Okefenokee Swamp Spotted Sandpiper

Spotted Sandpiper; Okefenokee Swamp National Wildlife Refuge, Georgia. May 5, 2020. ©www.williamwisephoto.com. Please don’t steal my images. Download and use legally from Dreamstime.com.

Scanning the shore with my binoculars as my daughter piloted our canoe around Billy’s lake, I was a bit startled when I saw a small group of four plump sandpiper birds gathered on a downed cypress tree. Sandpipers in the Okefenokee? This was definitely a first for me.  Since our Okefenokee excursions have always been in March, I had not spotted a Spotted Sandpiper in the swamp before! About an hour later, near the entrance of The Narrows, I saw another group of 9 standing on a log in the shade.

Spotted Sandpipers; Okefenokee National Wildlife Refuge, Georgia

Apparently, I wasn’t the first person to be surprised at seeing them. In 1913, Albert Wright and Francis Harper explored the Okefenokee for the American Ornithological Society. In the society’s scientific journal and official publication, The Auk, they wrote of the delight in finding the Spotted Sandpiper within the great Swamp:

“The Spotted Sandpiper was a distinct surprise as a summer resident of the swamp. Not only is this several hundred miles south of its known breeding range, but one would not expect it to find a suitable haunt in the Oke-finokee. The lakes and runs are practically shoreless; they are simply open spaces in the otherwise continuous cypress swamps. However, the logs and driftwood near the edges of Billy’s Lake serve as teetering stands; half a dozen were seen here on May 11, one on June 5, and still another a few days later. Earlier in the spring one or two were reported from the canal. The species probably does not breed in this latitude.”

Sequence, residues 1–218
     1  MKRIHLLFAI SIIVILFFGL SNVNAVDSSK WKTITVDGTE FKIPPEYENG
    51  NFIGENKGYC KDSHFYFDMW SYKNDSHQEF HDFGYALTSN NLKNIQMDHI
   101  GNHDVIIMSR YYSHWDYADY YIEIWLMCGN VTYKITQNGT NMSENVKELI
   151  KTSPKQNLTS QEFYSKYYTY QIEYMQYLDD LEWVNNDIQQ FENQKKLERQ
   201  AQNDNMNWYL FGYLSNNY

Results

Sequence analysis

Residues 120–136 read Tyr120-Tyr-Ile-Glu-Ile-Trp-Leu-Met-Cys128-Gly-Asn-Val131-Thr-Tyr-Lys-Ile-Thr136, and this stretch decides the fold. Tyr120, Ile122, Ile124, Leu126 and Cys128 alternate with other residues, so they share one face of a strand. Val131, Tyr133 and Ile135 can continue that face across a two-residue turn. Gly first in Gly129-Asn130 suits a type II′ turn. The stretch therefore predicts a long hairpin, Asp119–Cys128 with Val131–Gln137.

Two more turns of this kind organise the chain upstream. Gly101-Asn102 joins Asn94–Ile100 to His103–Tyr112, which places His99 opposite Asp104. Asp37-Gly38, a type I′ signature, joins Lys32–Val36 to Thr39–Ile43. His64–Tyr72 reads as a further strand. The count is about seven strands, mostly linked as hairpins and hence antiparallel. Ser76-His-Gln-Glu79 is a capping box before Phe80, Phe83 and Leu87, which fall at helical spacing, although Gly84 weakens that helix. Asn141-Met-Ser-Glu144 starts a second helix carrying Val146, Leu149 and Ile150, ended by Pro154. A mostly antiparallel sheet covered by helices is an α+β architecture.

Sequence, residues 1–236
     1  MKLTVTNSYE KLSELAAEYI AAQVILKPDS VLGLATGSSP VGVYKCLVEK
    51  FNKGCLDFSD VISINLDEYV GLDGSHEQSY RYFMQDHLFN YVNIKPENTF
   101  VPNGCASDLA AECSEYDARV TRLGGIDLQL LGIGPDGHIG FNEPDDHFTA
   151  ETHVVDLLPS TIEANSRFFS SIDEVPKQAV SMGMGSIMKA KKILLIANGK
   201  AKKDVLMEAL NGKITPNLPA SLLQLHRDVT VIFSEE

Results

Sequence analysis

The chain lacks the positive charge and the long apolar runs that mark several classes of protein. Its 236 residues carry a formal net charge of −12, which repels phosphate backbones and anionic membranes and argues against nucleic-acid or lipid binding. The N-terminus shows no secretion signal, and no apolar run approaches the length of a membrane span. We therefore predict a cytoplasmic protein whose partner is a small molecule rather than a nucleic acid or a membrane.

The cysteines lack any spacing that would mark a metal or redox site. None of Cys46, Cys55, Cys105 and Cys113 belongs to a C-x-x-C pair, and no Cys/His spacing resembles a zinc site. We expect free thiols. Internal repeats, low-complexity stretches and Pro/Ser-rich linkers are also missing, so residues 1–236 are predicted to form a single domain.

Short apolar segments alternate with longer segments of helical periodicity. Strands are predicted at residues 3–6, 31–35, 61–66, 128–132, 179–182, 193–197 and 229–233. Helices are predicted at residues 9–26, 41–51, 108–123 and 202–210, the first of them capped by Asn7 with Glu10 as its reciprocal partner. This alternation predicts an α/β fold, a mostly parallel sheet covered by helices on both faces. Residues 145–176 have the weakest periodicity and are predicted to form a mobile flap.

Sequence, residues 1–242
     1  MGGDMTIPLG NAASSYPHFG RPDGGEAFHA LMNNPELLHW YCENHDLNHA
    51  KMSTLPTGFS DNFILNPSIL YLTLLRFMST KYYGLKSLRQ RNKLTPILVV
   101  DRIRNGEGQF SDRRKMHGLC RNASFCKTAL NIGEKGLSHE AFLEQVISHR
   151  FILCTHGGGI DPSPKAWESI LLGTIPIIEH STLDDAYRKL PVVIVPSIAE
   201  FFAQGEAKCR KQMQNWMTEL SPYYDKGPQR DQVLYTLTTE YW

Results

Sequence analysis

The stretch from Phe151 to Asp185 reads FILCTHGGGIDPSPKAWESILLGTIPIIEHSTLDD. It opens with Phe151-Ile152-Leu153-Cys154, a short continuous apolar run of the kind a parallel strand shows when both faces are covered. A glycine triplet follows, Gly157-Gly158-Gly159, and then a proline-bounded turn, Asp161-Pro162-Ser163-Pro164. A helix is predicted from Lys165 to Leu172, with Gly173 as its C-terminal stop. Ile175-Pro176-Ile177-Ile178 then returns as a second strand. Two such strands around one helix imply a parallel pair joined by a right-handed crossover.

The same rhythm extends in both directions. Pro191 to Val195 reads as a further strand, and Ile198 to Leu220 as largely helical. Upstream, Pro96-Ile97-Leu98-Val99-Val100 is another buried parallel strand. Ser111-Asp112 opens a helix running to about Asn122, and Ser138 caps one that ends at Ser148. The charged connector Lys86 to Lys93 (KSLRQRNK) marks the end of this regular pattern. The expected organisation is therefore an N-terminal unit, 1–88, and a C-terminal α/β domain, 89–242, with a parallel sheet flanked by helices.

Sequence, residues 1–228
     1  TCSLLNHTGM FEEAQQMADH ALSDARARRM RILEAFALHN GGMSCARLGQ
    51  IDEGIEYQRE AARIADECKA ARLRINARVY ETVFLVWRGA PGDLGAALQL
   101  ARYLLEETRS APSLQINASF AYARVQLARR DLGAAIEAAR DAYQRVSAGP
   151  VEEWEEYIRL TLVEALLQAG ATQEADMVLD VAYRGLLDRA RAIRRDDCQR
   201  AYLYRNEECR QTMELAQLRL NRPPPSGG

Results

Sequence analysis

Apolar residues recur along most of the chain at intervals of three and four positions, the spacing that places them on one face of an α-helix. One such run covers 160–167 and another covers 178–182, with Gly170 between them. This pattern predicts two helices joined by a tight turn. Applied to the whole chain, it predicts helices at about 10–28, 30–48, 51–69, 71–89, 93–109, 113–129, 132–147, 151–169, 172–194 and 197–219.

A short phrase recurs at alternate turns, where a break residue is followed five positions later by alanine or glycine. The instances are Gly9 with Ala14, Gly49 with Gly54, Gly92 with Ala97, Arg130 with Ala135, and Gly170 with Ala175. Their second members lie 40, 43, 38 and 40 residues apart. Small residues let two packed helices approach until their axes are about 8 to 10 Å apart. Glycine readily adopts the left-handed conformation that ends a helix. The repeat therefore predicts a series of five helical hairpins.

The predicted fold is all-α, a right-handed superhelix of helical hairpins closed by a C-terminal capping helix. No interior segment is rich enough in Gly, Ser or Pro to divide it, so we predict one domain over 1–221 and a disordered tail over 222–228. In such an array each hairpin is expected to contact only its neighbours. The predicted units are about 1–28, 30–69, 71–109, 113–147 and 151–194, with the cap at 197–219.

According to www.allaboutbirds.com, Spotted Sandpipers are “the most widespread sandpiper in North America, and they are common near most kinds of freshwater, including rivers and streams, as well as near the sea coast”… and apparently blackwater swamps as well!

Looking at eBird’s illustrated checklist for Charlton County, the Spotted Sandpipers are most commonly observed in the Okefenokee in April and May. So I was happy to be able to make a May visit to the swamp (thanks COVID19!) and spot this Spotted Sandpiper!

iNaturalist observation: https://www.inaturalist.org/observations/46503864

eBird checklist: https://ebird.org/checklist/S68310839

Published by William Wise

Hi, I’m conservation photographer and nature writer William Wise. Nature journaling and wildlife photography has been a favorite pastime since the ‘90s. I graduated from University of Georgia Warnell Forestry School's wildlife program in 1996. I'm currently an animal shelter manager/photographer and reside in Athens, Georgia, USA with my wife and two teenage daughters. My website www.williamwisephoto.com is a wildlife and birding photo website documenting the beauty, design and wonder of creation. I have a deep love of the Okefenokee Swamp National Wildlife Refuge in Georgia. I became a devoted Christian in 1993 under a campus ministry while studying wildlife biology. My love of the outdoors quickly turned into a love for the Creator and His works. Creation Speaks is my teaching ministry that glorifies our Creator and teaches the truth of creation. I am also a guest author at Lee's Birdwatching Adventures and The Creation Club. The theme of my blogging comes from The Message version of Psalms 104 -- "What a wildly wonderful world, God! You made it all, with Wisdom at Your side, You made earth overflow with your wonderful creations."

3 thoughts on “Okefenokee Swamp Spotted Sandpiper

  1. Exquisite photos! Very interesting post. Okeefenokee swamp is a paradise. Your experience reminds me of how surprised I was when I first saw seagulls on the Shenandoah River in Virginia. Thank you, William, for allowing me to visit such a beautiful place that I would otherwise never have seen.

    Take care.


    Liked by 1 person

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